In 2010 things changed. My wife became pregnant with our second child and it was not so easy for her to bring our growing boy to her parents’ house as there was not enough space and he was restless. I wrapped up my book project a little early, managed a few more hikes and a trip abroad to attend my sister’s wedding. After that, my adventures seemed to have come to an end, at least for the time being.

Not wanting to give up photography entirely, I began a project of shooting locally. I purchased a used DSLR and chose some places that were within reach. I would wake up in the early morning and go out somewhere to shoot, trying to make it home by 7:30 to help get ready for the day. Three years later, my son entered elementary school and I had to be home by 6:45. We moved house and autumn brought later sunrises. My three years of early morning photography were also temporarily wrapped up. I had, however, amassed a few hundred photographs or more and set about putting them into a book. The result is this: Little Inaka.

The locations are the Sakitama Burial Mounds in Gyoda City, Hatcho Park in Yoshimi Town, a rural area in Higashi Matsuyama City, and a rural area straddling Ina Town and Ageo City. All places are in Saitama Prefecture, Japan.

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A tumulus at the Sakitama Burial Mound Park in Gyoda City

Winter on Yakushima – Chapter 10: The Final Day

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Back in August 2013, the last day of the five-day trip to Yakushima had been planned by Mr. Hatanaka as a day for fun. Our shooting objectives wrapped up more or less, we went river kayaking, visited a hot spring, and went souvenir shopping before heading back to the airport. This time, under the directorship of Mr. Ichino, even with eight days we were busy shooting until the last moment. Had I not wandered out exploring one late afternoon between returning to the hotel and meeting for dinner and found a large souvenir shop, I would have had to do all my souvenir shopping at the meagre store in the tiny airport.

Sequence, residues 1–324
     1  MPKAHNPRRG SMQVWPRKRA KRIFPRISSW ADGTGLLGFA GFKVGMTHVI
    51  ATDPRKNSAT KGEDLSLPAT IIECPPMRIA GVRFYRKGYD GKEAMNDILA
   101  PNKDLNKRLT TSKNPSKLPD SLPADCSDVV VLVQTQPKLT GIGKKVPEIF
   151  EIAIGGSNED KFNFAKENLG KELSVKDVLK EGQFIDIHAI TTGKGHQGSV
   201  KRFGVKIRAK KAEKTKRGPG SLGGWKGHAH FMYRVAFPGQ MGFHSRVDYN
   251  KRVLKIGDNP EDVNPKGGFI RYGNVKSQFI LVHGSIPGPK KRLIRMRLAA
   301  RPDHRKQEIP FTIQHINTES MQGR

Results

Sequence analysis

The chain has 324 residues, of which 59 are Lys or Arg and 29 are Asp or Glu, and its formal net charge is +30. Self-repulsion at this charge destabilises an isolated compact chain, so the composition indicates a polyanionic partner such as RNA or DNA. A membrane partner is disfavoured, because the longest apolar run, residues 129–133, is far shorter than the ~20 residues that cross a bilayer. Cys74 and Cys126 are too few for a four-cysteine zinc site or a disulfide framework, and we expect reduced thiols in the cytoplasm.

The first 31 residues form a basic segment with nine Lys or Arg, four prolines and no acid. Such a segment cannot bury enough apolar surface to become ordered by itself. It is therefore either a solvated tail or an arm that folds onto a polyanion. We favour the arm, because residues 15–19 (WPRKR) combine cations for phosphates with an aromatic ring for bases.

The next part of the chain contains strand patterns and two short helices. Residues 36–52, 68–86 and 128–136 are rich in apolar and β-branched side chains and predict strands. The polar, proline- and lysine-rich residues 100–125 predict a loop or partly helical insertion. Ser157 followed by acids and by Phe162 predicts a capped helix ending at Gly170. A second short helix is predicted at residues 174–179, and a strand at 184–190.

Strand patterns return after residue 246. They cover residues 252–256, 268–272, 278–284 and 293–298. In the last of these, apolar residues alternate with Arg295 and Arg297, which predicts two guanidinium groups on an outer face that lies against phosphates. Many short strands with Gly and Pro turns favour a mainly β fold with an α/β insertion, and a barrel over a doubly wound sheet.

We’d had a lot of experiences already. After our four-day mountaineering trek, I had felt that we had already accomplished our prime objective and that the rest was just filler. However, the visit to Unsuikyo was a treat in itself and learning about the white pines as well as other aspects of the Yakushima forests and their problems confirmed that every day spent on the island was educational and fulfilling.

So, on our final day there, we were off round the east side of Yakushima and heading to the southern part. Our first two stops were for some views of rivers and mountains. Once more I saw the view of the Anbo River from the high bridge over the waters.

The Anbo River looking downstream

The Anbo River looking downstream

The Anbo River looking upstream

The Anbo River looking upstream

Next was Senpiro Falls, which I was eager to see. It is one of Japan’s 100 selected waterfalls (hyakusen no taki 百選の滝) and I hadn’t received the chance to see it on my previous visit. The waterfall itself is impressive as it plummets over a granite precipice, but more than that, there is a huge slope of exposed granite to the left side. When it rains heavily, not only does the waterfalls flush with white water but streams of white streak the face of the granite slope like ribbons. We were in for yet another day of fine weather as only a few small clouds scudded across a vast azure sky. As an added surprise, we found a cherry tree in bloom at the parking area!

Senpiro Falls

Senpiro Falls

The grand view

The grand view

In spite of the feeling of freedom that imbued my spirits, we were on a schedule still. I wandered down the path to a viewpoint of the falls and snapped a few shots only to find Mr. Ichino approaching from behind with the words, “Alright, let’s getting moving now.”